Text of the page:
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Today's Oakland [California] Tribune has a story from the Palm Beach [Florida] Post carrying the headline, "Sandy Hook truther fired by college." The story is evidently quite similar to one that appears in the New York Post under the title "Florida university fires Sandy Hook truther professor." As these two headlines indicate, the term truther is sometimes used as a stand-alone noun and sometimes as a modifier.

A Wikipedia disambiguation page asserts that truther may refer specifically to "people who thought the event [the Sandy Hook Elementary School massacre of December 14, 2012] was a false flag government attack"; to members of the "9/11 Truth movement"; to a book published in 2011 by Jonathan Kay titled Among the Truthers: A Journey Through America's Growing Conspiracist Underground; or to conspiracy theorists generally.

Leslie Savan, "From Simple Noun to Handy Partisan Put-Down" (New York Times Magazine, November 18, 2009) provides an excellent brief discussion of truther as part of a pejoratively intended -er family of names that opponents have assigned to conspiracy theorists/fringe political group enthusiasts—a word family that may include birther, [John] Bircher, grassy-knoller, mooner, flat-earther, deather, tenther, and teabagger. But aside from suggesting that truther may have been coined in late 2004 by 9/11 Truth movement member Jon Gold (based on a comment that Savan says Gold "wrote on his blog recently"), she doesn't inquire too deeply into the precise origin of the term or into its application to other groups and individuals.

My questions:

  1. Where and under what circumstances did the term truther originate?

  2. Is there any connection between the emergence of truther and the 2004 pop-up 527 political entity Swift Boat Veterans for Truth?

  3. When (if at all) did truther begin to be applied not just narrowly to 9/11 conspiracy theorists and Sandy Hook conspiracy theorists but to conspiracy theorists of any stripe?

  • I think I first heard it used to refer to the 9/11 conspiracy nuts. No way it's related to, eg, John Bircher or Tea Bagger, since those are simple references to a known term that anyone might form. Probably "birther" is derived from "truther", though. (And "mooner" goes way back -- and I mean "back" literally.) – Hot Licks Jan 8 '16 at 2:51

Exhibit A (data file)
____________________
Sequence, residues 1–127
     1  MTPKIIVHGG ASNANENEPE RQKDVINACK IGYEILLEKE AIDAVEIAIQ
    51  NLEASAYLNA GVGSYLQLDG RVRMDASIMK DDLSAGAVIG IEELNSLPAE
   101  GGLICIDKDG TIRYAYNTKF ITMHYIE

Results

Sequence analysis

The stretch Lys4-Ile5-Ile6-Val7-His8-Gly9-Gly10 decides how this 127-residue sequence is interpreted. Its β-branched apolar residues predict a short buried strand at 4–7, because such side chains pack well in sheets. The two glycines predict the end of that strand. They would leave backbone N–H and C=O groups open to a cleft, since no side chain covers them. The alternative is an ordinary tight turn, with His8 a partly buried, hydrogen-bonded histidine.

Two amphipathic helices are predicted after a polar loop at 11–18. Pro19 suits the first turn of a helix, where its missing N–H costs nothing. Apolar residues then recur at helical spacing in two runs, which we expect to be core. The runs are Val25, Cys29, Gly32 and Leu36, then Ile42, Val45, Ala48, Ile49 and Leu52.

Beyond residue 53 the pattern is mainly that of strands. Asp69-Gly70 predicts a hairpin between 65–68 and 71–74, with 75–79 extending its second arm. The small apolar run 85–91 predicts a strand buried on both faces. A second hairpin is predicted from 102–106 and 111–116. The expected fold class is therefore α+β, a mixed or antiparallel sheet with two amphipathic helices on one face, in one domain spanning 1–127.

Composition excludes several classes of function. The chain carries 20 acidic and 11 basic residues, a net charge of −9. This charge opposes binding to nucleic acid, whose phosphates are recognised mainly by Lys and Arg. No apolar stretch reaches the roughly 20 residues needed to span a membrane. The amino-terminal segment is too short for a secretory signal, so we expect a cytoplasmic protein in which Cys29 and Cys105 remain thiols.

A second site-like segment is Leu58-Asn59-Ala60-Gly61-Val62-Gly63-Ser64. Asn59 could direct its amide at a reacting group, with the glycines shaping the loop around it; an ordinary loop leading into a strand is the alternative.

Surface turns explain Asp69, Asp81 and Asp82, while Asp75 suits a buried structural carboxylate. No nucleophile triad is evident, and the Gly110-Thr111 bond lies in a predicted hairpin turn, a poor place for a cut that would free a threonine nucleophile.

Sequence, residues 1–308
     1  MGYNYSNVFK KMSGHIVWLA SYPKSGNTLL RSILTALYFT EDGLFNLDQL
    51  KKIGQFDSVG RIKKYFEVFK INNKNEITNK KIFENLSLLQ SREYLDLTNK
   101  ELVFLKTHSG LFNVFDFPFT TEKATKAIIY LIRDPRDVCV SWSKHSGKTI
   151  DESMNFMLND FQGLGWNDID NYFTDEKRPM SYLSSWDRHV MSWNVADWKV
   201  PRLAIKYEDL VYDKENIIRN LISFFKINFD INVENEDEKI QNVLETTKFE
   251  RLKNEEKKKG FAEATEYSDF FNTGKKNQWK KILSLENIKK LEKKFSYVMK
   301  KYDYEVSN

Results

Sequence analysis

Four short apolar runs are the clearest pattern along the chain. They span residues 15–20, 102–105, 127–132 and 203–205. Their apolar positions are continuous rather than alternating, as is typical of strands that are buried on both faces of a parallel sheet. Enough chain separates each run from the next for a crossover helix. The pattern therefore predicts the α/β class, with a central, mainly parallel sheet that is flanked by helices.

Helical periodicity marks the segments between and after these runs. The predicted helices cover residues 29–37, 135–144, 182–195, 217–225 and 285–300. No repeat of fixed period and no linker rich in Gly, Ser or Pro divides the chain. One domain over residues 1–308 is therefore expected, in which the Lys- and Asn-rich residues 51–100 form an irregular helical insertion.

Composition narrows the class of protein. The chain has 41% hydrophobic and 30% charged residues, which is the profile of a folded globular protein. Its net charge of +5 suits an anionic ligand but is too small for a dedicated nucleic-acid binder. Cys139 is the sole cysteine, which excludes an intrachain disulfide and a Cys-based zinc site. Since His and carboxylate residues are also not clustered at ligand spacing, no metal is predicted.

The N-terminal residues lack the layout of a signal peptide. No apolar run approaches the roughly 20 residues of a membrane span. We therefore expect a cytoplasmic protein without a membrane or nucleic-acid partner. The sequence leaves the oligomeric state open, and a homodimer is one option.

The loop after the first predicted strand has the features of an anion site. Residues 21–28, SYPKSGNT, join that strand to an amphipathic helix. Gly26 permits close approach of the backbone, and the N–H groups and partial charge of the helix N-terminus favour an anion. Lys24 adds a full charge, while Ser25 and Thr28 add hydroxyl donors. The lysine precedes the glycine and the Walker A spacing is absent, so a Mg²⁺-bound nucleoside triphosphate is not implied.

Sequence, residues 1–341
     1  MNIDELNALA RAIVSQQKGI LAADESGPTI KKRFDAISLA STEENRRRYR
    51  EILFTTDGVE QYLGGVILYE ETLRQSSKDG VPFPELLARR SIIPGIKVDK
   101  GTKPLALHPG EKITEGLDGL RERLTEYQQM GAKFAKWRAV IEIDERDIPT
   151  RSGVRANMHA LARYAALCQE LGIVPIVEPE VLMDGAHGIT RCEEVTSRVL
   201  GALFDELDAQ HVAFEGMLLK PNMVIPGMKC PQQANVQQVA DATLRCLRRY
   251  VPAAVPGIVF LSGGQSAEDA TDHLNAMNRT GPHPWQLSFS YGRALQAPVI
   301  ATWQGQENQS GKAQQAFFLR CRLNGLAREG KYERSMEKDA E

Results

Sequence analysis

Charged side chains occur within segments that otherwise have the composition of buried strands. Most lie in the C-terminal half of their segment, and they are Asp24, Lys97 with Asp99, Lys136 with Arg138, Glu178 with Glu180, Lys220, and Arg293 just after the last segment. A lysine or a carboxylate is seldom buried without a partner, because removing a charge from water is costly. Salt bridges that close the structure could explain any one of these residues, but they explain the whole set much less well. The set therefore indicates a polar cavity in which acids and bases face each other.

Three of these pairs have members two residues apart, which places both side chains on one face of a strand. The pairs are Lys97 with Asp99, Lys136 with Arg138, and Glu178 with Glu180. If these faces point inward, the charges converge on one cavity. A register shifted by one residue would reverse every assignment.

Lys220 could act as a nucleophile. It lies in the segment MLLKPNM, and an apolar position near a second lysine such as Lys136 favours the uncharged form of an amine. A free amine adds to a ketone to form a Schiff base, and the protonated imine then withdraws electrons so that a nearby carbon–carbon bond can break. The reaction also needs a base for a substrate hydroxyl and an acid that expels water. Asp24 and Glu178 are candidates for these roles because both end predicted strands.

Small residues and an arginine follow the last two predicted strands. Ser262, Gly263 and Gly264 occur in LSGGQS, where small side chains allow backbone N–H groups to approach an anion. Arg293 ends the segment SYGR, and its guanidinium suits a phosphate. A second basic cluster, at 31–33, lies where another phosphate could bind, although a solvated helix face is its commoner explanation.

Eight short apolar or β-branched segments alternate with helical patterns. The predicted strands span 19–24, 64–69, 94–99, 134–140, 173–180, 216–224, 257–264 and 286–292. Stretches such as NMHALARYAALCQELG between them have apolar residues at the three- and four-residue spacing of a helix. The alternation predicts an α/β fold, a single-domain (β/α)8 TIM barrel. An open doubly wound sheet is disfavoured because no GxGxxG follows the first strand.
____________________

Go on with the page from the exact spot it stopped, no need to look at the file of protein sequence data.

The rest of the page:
• (It should be noted that the term "truther" existed in several contexts prior to 9/11, though. I am reminded that there was a religious movement known as the "Truthers", among other things.) – Hot Licks Jan 8 '16 at 3:32
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    Obviously, Truther was a term created by the government in a false flag operation. – jimm101 Jan 8 '16 at 3:39
  • @jimm101 - That's what they want you to believe. – Hot Licks Jan 8 '16 at 4:13
  • Prior to 9/11, "truther" was probably mostly used in various riddles and philosophical problems involving the "truthers" and the "liars", and how to distinguish one from the other with a series of questions. And it was also used in a few other contexts to mean the antonym of "liar". – Hot Licks Jan 8 '16 at 4:27
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According to a Google Ngrams search, the term has had several spikes in usage over the decades, with the most prominent being the current one skyrocketing since 9/11 (though it seems there was a slight uptick in usage even before that event.) Looking through the book citations listed by Google Books, I am unable to find any usage in the conspiratorial sense prior to September 11, 2001, although Google does provide a non-book result that uses the term "truther" in a conspiratorial sense in February 2001. (Most pre-9/11 usages talk about "truthers" in the context of knights and knaves-style logic problems, it seems.)

Thus, to answer Question 1, there may be sporadic usage of the term "truther" in its current conspiratorial sense prior to 9/11, but it only gained wide currency following that event and then various groups self-describing themselves as searching for "9/11 truth."

A more fine grained look at usage of the term between 2000 and 2008 shows an uptick throughout 2003, which is the year preceding the founding of the Swift Boat Veterans, so I would imagine that, although the Swift Boaters may have influenced and helped to popularize the term to some extent, they are not the main reason for its currency now, to shed some light on Question 2.

I don't have time to research anything on Question 3, so hopefully someone else can provide some details.

Addendum: For what it's worth, the earliest Oxford English Dictionary citation is from 2005, which may bolster the Swift Boat connection somewhat, although the quote itself doesn't suggest any connection: "911q Truthers confront NIST on Twin Towers in alt.fan.gene-scott (Usenet newsgroup) 27 June There was an open public conference, which featured even more grilling by 9/11 truthers."

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Having interest in spirituality/ philosophy since a lad, and knowing many on ' the path', the term 'truth seeker', or ' seeker' or ' truther' has been somewhat common in philosopical cirles, since before the dawning of the age of aquarius, abd certainly more so since new age philosophies became fashionable mid to late 90s. The many heads, both politically inspired, and spiritually, having the web as a base for searching and sharing, along with the timing saw its use somewhat common, in at least some circles well before 911

  • "truther" could also be a contraction for "truth seeker", and I see conspiracy theorists labelled themselves as such pre 2008 – Mari-Lou A Jun 17 '17 at 5:27

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